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Bacteria-infected mosquitoes might be good thing for Miami


Mosquitoes are a year-round downside to living in subtropical Miami, but millions of bacteria-infected mosquitoes flying in a suburban neighborhood are being hailed as an innovation that may kill off more bugs that spread Zika and other viruses.

Miami-Dade County Mosquito Control and Habitat Management Division is releasing non-biting male mosquitoes infected with naturally occurring Wolbachia bacteria to mate with wild female mosquitoes.

The bacteria are not harmful to humans, but will prevent any offspring produced when the lab-bred mosquitoes mate with wild female mosquitoes from surviving to adulthood. This drives down the population of Aedes aegypti mosquitoes that thrive in suburban and urban environments and can spread Zika, dengue fever and chikungunya.

During a six-month field trial approved by the U.S. Environmental Protection Agency, over half a billion of the mosquitoes bred by Kentucky-based MosquitoMate will be released in a suburban neighborhood split by long, narrow canals near the University of Miami, said South Miami Mayor Philip Stoddard.

Miami-Dade County is testing MosquitoMate's insects as a potential mosquito-control method about 10 miles (15 kilometers) southwest of Miami's hip Wynwood neighborhood, where health officials confirmed the first local Zika infections spread by mosquitoes on the U.S. mainland in July 2016.

Stoddard, a zoology professor at Florida International University, said he volunteered his city for the trial, wanting to keep the outdoor cafes in his city from becoming another ground zero for a mosquito-borne virus outbreak.

"All those diseases are still a concern. They're still in the Caribbean and could move to the mainland to cause problems," Stoddard said.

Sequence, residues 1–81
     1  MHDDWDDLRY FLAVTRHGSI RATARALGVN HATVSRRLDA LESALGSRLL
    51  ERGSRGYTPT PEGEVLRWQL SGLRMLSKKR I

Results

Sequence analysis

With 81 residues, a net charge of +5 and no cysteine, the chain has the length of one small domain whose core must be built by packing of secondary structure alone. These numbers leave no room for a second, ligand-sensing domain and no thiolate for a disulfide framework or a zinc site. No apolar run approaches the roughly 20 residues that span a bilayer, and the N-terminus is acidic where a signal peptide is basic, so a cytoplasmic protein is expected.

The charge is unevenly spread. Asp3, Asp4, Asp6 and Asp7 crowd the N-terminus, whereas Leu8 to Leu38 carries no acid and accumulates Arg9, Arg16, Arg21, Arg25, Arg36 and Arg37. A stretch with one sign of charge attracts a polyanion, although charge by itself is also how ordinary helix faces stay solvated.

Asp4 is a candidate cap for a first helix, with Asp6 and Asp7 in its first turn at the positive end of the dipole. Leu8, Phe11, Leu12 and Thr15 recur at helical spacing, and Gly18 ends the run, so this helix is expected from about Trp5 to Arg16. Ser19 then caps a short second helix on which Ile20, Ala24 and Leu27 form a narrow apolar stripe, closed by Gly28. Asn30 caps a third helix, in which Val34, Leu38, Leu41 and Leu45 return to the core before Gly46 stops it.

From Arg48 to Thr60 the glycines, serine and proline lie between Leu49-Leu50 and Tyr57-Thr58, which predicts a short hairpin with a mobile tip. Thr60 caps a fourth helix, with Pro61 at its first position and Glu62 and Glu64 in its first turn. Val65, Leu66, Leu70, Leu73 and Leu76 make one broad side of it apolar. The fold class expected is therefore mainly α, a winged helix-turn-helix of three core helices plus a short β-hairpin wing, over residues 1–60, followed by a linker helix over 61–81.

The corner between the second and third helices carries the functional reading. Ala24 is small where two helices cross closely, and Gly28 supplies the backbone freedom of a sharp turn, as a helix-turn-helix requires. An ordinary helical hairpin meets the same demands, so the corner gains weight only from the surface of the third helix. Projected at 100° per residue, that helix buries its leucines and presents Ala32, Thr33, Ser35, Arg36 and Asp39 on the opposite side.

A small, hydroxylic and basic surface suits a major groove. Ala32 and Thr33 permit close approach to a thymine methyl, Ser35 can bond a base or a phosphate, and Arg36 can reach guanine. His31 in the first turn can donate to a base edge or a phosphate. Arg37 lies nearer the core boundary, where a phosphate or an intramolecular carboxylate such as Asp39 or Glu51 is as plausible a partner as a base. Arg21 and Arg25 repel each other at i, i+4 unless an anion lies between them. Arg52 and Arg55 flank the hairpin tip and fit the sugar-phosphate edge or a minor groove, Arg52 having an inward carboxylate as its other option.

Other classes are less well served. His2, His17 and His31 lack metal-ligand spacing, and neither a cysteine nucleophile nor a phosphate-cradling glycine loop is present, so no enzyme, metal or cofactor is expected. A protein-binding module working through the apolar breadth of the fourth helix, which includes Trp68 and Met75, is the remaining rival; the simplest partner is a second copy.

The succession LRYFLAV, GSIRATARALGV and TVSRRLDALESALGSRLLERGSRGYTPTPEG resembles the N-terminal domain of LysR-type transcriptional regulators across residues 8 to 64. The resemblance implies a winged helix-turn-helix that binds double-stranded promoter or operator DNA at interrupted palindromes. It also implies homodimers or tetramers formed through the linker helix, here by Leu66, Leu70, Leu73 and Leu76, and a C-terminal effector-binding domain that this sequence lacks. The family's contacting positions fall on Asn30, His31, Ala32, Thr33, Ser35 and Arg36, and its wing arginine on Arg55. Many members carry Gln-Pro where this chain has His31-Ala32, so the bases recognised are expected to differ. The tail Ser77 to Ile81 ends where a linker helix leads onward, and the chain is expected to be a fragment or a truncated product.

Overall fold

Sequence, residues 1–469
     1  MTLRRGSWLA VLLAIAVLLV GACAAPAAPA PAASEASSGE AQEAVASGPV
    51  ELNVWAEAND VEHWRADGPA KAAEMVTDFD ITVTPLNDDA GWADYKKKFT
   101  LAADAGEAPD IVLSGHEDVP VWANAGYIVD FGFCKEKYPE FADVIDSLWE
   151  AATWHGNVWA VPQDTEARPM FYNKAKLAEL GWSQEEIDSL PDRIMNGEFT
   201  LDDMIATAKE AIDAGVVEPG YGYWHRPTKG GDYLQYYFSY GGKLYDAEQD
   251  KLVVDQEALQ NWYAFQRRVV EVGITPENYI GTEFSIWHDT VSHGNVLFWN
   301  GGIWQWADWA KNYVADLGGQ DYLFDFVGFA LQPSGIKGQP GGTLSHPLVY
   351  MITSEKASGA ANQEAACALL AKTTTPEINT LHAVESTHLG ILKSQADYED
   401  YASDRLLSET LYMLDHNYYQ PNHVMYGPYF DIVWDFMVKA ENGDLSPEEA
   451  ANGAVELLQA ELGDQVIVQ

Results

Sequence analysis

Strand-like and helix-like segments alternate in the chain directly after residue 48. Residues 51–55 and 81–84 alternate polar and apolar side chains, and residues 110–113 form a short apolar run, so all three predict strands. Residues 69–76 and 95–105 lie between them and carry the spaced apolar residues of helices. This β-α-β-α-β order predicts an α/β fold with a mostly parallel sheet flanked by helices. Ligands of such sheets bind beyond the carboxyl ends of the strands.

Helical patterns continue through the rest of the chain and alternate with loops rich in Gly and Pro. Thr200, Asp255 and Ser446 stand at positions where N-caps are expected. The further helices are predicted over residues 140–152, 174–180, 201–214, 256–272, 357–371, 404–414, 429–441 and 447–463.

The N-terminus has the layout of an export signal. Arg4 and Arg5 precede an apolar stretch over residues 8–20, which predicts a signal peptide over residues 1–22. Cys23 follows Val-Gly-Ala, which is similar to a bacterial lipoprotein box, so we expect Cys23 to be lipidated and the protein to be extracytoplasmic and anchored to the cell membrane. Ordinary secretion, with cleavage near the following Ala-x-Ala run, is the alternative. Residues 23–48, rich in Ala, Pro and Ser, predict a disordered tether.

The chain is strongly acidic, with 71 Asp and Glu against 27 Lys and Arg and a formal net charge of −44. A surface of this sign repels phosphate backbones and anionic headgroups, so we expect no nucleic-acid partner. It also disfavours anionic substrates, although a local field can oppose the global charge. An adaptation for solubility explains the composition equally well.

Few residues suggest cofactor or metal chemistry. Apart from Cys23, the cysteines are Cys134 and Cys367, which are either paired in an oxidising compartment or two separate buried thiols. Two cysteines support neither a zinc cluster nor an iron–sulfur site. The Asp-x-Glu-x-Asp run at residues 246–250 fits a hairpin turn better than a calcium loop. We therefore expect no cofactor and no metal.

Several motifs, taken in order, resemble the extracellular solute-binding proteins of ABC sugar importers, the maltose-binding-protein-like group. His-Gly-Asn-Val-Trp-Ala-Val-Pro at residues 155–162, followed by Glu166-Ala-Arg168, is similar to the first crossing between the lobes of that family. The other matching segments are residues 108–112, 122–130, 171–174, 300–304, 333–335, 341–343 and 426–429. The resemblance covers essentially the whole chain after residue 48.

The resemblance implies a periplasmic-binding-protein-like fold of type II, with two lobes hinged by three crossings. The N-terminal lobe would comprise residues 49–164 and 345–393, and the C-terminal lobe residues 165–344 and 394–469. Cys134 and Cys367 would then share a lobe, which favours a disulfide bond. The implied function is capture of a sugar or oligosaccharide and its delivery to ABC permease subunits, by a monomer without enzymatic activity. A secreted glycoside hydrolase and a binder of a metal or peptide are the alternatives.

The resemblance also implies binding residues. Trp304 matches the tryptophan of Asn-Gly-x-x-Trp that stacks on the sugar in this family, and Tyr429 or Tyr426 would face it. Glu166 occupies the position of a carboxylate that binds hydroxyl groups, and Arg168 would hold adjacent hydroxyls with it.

By the end of 2016, Florida health officials had confirmed 1,456 Zika infections in the state, including 285 cases spread by mosquitoes in Miami-Dade County. Just two local Zika infections were reported in Florida last year, including one Miami-Dade case.

If MosquitoMate's bugs perform well in South Miami, Wolbachia could be added to regular mosquito control operations as a long-term preventative strategy, said Bill Petrie, Miami-Dade County's mosquito control chief.

"It's not a silver bullet. You'd want to integrate it into your existing methods," Petrie said.

It would not replace naled, the pesticide sprayed from airplanes during the 2016 outbreak, angering Miami residents concerned the chemicals were more dangerous than Zika. Health officials credited naled among other aggressive response efforts with stopping the outbreak.

MosquitoMate's technology appears low-tech in the field. Infected mosquitoes are shipped weekly in cardboard tubes — similar to ones used in paper towel rolls — from Lexington, Kentucky.

Each tube contains a thousand mosquitoes. In a demonstration Thursday in a city park, a cloud of mosquitoes burst from one end when a black netting cover was removed; a firm shake sent any stragglers flying out.

The trial will study how far the mosquitoes fly, how long they live in the area, and how many Aedes aegypti eggs hatch compared to untreated areas, MosquitoMate founder Stephen Dobson said a in phone interview last week.

Results from a similar trial near Key West last year are awaiting publication, Dobson said.

Last year, the EPA approved permits for MosquitoMate to sell a related mosquito species, known as the "Asian tiger mosquito," infected with Wolbachia as a pest control service in 20 states and Washington, D.C. Those mosquitoes also can carry viruses, but experts consider them less of a threat for triggering outbreaks than Aedes aegypti.


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